Essay by Eric Worrall
h/t fretslider; According to The University of Exeter, having fun in Summer masks concern about “climate breakdown”, and impedes climate action.
‘Fun in the sun’ photos are a dangerous distraction from the reality of climate breakdown
Sat 14 May 2022 17.00 AEST
Think of the images that defined our understanding of war or protest. Similar ones can tell the truth about this disaster
Open a British newspaper as a heatwave looms and you’ll likely see headlines about the unprecedented nature of the upcoming heat, the cost to lives and livelihoods, and even deaths caused by the extreme heat. But accompanying the same story you are also likely to see images of people having fun in the sun – kids splashing in city fountains, crowded beaches, blue seas, azure skies and holiday happiness.
How the media communicates about climate breakdown reflects and shapes how societies engage with the issue. Behind every picture that makes it into the news is a person mirroring and perpetuating how society thinks about climate breakdown. Images are a key part of any media communication: they are often vivid and colourful, drawing readers in and helping them to remember a story.
They also shape news production: compelling visuals help stories rise up the media agenda. Think about the image of the man blocking a line of tanks in Beijing’s Tiananmen Square, a young girl fleeing her village after being burned by napalm in the Vietnam war, smoke billowing from the twin towers. These images become part of our collective psyche – through them we remember the power of protest, the horror of war, and the moments everything changed. Images of the climate crisis can hold the same power, something the Guardian recognised in its sector-leading 2019 editorial decision to rethink the images accompanying climate stories.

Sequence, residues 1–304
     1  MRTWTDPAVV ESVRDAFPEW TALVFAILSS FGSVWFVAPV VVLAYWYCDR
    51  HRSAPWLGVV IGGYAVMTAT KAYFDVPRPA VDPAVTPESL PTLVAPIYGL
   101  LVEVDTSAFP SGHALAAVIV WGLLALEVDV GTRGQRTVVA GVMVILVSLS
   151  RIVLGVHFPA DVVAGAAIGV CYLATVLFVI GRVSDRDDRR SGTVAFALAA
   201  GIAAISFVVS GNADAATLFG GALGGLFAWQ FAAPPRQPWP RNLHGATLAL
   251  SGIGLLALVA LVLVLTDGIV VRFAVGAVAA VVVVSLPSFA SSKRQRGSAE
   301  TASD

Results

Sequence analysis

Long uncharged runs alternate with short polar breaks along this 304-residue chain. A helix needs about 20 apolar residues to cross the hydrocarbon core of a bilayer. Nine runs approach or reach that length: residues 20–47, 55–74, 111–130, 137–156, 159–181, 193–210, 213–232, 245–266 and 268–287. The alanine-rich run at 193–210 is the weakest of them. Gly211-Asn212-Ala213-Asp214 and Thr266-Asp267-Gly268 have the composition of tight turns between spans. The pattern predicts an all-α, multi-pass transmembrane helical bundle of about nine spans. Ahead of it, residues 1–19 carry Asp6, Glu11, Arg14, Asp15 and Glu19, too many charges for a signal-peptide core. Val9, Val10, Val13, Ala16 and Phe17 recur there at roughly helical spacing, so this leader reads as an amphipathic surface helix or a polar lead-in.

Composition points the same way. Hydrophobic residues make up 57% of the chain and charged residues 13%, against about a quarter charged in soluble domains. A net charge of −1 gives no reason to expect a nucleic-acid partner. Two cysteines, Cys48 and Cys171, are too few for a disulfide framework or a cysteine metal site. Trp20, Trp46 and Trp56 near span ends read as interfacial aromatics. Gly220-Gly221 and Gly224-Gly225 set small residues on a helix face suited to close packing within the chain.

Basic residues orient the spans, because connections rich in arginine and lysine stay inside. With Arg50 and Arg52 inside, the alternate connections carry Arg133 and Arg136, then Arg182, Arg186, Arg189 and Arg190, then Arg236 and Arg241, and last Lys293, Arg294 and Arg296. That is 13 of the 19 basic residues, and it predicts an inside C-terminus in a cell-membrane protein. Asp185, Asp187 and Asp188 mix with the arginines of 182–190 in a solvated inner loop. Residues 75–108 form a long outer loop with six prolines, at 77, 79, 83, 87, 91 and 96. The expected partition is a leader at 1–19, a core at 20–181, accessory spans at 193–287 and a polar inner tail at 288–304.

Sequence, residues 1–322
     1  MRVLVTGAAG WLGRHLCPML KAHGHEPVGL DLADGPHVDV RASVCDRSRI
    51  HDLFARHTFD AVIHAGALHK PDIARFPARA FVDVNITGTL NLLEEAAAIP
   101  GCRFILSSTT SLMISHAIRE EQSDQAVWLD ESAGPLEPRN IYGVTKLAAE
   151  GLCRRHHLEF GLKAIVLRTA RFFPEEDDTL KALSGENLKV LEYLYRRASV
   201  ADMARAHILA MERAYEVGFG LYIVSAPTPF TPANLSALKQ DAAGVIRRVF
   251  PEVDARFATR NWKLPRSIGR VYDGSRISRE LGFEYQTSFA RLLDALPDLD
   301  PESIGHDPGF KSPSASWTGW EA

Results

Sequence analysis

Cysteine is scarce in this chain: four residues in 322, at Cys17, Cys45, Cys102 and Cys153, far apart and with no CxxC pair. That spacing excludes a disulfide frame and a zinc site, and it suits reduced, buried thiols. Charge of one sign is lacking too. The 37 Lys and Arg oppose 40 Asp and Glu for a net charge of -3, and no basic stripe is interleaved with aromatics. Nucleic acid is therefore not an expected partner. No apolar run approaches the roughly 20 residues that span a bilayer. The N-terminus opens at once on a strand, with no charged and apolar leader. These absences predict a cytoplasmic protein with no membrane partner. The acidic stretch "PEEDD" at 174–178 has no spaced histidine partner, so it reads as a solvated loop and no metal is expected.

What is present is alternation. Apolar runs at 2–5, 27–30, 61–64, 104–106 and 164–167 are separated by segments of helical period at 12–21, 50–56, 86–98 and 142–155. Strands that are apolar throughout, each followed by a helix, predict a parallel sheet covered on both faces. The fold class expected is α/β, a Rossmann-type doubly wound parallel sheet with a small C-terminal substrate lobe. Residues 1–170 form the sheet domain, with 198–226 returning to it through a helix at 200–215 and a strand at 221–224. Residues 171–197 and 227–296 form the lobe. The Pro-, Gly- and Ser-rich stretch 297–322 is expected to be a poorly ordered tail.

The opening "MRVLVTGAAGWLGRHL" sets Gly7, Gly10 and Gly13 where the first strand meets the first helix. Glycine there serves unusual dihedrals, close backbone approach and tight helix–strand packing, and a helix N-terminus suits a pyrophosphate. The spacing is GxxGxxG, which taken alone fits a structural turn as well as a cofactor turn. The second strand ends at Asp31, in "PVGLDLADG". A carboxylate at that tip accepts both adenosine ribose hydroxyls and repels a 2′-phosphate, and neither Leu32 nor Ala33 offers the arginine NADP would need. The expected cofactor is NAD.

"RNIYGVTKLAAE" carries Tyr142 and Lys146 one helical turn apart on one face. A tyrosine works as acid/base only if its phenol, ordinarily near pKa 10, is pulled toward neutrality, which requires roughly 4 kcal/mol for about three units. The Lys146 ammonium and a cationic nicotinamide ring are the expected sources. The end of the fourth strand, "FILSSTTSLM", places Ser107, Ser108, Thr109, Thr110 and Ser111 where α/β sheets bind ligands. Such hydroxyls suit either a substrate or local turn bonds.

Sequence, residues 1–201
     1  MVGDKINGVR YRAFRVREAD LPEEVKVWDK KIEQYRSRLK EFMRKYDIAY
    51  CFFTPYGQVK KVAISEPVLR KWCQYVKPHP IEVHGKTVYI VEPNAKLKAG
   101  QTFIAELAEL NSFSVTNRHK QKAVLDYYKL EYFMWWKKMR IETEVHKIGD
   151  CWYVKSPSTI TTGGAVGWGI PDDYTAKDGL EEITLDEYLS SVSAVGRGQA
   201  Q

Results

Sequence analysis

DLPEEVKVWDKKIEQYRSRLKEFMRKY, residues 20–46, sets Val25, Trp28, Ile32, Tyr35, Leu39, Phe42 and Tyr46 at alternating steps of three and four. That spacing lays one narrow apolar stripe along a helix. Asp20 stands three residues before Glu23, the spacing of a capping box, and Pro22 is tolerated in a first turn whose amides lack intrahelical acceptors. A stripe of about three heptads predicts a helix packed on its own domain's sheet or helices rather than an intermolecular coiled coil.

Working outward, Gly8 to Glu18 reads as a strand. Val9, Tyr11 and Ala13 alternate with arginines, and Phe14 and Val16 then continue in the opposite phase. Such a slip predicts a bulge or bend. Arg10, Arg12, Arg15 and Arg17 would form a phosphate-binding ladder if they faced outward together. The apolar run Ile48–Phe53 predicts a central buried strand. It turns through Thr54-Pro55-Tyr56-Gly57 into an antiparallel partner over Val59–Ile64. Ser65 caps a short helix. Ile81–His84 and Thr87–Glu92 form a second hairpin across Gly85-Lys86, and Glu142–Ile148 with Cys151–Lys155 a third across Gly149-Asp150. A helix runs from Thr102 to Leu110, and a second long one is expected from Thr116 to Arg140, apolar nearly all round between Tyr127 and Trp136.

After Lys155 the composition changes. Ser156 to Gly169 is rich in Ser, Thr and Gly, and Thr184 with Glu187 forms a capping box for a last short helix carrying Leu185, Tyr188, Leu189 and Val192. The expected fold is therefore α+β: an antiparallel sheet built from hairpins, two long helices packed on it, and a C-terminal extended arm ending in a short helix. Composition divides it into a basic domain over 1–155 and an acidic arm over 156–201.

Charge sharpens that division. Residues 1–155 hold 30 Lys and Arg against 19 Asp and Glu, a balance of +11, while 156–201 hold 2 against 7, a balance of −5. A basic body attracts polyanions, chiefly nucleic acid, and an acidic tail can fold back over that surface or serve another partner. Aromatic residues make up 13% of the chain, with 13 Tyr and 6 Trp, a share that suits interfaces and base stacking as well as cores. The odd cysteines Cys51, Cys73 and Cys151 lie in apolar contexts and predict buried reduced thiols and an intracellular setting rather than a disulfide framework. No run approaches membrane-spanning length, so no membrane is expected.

Our new research, led by the University of Exeter, highlights a distinct problem with how the European media visually represents news of extreme heat. We examined media coverage from the UK, the Netherlands, France and Germany during the summer of 2019. Importantly, we only included news stories that mentioned both the keywords “heatwave” and “climate change”, reasoning that if we were to see responsible and accurate reporting of heatwave risks, it would be in coverage that at least alluded to the increasing risk of heatwaves becoming longer, more frequent and more intense under climate breakdown.
…Read more: https://www.theguardian.com/commentisfree/2022/may/14/sun-photos-climate-breakdown
My first thought was someone should check for fungus growing in the University of Exeter water supply.
But seriously, imagine what a locked down medieval dystopia we would all endure if these killjoys were fully in charge. It would be like living in the Middle Ages, sackcloth and ashes, restrictions on dancing and partying, because having fun leads to more travel and elevated respiration, an unnecessary increase in CO2 emissions, a total mockery of our burden of climate sin.
Of course the climate elite would still enjoy all the perks of an industrial civilisation, like their private jets. Their holy climate mission would justify any imaginable carbon extravagance.
I lived in Britain for over a decade. Britain is a lovely place, but every year they get maybe a week, maybe two weeks if they are lucky, when the temperature touches the high 80s (30C+) and they can really enjoy their lakes and beaches. Yet they have one of the most fearful climate worrier populations on the planet.
Imagine the climate breakdown calamity if Brits who worry about climate change had to endure THREE weeks of Summer.